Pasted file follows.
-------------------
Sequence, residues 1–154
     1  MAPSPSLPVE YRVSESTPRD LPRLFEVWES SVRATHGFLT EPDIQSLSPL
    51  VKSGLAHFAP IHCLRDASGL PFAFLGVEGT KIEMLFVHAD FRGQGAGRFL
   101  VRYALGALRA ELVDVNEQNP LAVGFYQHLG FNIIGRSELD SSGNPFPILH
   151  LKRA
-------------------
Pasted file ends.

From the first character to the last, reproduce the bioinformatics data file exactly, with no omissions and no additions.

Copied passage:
Sequence, residues 1–154
     1  MAPSPSLPVE YRVSESTPRD LPRLFEVWES SVRATHGFLT EPDIQSLSPL
    51  VKSGLAHFAP IHCLRDASGL PFAFLGVEGT KIEMLFVHAD FRGQGAGRFL
   101  VRYALGALRA ELVDVNEQNP LAVGFYQHLG FNIIGRSELD SSGNPFPILH
   151  LKRA